• Be proficient in the English language;
• Stay employed;
• Undergo 2 comprehensive background checks to ensure they do not have a criminal record or pose a danger to society;
• Pay all back taxes;
• Register with the military Selective Service;
• Attend American civics and government classes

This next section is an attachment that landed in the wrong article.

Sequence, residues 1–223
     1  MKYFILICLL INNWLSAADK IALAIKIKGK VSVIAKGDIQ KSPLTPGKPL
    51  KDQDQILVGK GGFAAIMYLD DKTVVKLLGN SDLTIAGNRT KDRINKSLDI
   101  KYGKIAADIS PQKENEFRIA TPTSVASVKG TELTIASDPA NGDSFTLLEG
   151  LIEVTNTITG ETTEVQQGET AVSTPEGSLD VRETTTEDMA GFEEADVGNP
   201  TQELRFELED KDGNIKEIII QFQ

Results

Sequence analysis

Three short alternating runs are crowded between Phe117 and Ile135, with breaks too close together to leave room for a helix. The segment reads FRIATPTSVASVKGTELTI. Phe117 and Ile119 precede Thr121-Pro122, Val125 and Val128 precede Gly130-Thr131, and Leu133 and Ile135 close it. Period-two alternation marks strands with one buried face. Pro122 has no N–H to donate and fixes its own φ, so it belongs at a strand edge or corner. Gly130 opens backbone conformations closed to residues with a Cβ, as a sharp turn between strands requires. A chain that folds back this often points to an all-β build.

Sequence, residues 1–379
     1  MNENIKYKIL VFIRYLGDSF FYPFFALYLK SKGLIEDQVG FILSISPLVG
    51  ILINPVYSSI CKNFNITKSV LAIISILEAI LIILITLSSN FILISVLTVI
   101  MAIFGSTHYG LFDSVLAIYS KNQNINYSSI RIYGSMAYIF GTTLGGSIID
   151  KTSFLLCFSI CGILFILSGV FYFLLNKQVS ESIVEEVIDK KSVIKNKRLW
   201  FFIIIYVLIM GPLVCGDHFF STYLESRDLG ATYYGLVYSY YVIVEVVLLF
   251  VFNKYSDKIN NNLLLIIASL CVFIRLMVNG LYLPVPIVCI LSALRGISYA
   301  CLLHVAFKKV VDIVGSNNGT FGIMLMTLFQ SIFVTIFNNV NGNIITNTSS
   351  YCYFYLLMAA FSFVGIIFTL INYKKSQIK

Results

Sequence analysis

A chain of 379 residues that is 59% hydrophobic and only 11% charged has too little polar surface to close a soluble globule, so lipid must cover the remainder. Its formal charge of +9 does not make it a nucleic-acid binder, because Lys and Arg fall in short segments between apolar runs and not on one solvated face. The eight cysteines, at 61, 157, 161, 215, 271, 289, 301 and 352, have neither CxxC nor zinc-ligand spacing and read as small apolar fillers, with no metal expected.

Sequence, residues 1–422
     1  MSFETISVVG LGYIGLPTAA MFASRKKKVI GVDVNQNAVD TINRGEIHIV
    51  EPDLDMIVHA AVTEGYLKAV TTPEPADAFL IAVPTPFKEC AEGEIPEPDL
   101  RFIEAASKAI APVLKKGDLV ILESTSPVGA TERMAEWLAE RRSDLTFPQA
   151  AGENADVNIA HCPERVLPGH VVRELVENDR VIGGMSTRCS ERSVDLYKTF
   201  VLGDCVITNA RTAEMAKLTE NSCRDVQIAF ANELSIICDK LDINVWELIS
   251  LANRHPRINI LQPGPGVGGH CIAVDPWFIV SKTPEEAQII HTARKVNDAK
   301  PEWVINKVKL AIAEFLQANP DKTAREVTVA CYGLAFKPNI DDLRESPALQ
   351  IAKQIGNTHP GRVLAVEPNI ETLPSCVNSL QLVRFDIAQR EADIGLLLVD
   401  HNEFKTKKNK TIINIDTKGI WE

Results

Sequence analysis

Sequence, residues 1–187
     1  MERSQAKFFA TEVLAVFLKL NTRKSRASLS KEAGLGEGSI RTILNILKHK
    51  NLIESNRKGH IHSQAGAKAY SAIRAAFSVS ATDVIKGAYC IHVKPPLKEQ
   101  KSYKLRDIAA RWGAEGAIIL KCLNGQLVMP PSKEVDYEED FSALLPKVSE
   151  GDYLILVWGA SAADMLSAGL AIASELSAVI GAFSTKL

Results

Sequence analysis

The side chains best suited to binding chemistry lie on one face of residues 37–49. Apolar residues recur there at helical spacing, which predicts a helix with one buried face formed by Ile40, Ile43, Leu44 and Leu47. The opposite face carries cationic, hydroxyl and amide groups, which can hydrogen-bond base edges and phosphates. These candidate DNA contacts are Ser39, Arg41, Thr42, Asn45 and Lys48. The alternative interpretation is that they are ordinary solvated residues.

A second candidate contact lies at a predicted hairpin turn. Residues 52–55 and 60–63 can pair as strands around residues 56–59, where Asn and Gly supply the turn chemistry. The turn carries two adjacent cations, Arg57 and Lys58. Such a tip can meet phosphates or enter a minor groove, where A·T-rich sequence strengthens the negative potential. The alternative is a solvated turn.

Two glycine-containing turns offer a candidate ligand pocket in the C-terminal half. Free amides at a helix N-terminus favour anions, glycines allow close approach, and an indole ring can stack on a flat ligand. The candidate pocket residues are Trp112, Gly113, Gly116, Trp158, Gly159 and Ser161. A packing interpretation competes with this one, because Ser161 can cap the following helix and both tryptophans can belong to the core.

Failure to meet any of these requirements would result in deportation. Not every undocumented worker who applies for the program will meet the requirements. Those who don’t measure up to the standards we put in place will face deportation. Those who do meet the terms above – over a 6 year period – would be allowed to go to the back of the line to apply for citizenship. On average, waiting to become an American citizen after the application is filed takes 5 years. This means that from the time an undocumented worker enters this program until they become a citizen, there would be at least an 11 year wait. If we have not cleared the current immigration backlog in that period, the immigrant won’t be able to apply for citizenship until we do. The program is not amnesty. Amnesty is what President Carter gave to Vietnam draft dodgers who fled to Canada. This approach represents a rational middle ground between those who want to grant an automatic path to citizenship for all undocumented workers and those who want every one to leave. In addition, it is important to note that the Senate passed immigration bill does not make illegal aliens eligible to receive Social Security benefits. Our immigration system has been in disarray for so long there are generations of families with legal and illegal members. Some families have parents here illegally and children that are American citizens. Some husbands are illegal while the wives are legal. More importantly, there are many members of our military, particularly young Hispanic Marines, serving in Iraq and Afghanistan who are legal citizens by virtue of being born in America. They have chosen to fight and die for our country. Creating felons out of their parents, illegally in the country, is not the way to thank them for their service, and will not make America a better place. Conclusion Immigration is a complex issue. One aspect that has been particularly contentious among all Americans is constructing a fence to run the full length of the United States-Mexico border. Many South Carolinians support additional fencing and I agree with them. However, this idea is not universally accepted – even among border state legislators who would be most affected. The state of Texas shares a 1,200 mile border with Mexico and is the site of many legal and illegal border crossings. However, the Republican Senators from Texas split over the issue of creating a border fence. One Senator is open to the idea while the other views it as impractical. This split illustrates how difficult it can be to reach consensus on these issues even among legislators who normally agree. As Americans, we need to keep in mind the debate surrounding immigration is not a new one. As a nation of immigrants, we have had disagreements about how many immigrants we should absorb, their original nationality, and the impact they were having on the United States. Immigration is part of our history and among the founding principles of this nation. I strongly believe that working together we can address our immigration problems and allow our country to move toward a more prosperous future.